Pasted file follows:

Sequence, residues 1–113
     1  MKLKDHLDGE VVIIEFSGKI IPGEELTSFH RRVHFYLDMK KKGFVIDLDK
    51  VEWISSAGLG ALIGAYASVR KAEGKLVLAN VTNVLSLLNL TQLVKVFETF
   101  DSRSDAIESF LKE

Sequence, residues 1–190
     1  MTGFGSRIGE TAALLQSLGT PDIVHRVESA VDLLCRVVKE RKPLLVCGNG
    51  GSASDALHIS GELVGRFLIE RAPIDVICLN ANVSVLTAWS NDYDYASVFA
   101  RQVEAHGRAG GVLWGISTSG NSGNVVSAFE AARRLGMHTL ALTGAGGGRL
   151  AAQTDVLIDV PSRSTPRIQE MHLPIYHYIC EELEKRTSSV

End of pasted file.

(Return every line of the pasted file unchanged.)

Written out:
Sequence, residues 1–113
     1  MKLKDHLDGE VVIIEFSGKI IPGEELTSFH RRVHFYLDMK KKGFVIDLDK
    51  VEWISSAGLG ALIGAYASVR KAEGKLVLAN VTNVLSLLNL TQLVKVFETF
   101  DSRSDAIESF LKE

Sequence, residues 1–190
     1  MTGFGSRIGE TAALLQSLGT PDIVHRVESA VDLLCRVVKE RKPLLVCGNG
    51  GSASDALHIS GELVGRFLIE RAPIDVICLN ANVSVLTAWS NDYDYASVFA
   101  RQVEAHGRAG GVLWGISTSG NSGNVVSAFE AARRLGMHTL ALTGAGGGRL
   151  AAQTDVLIDV PSRSTPRIQE MHLPIYHYIC EELEKRTSSV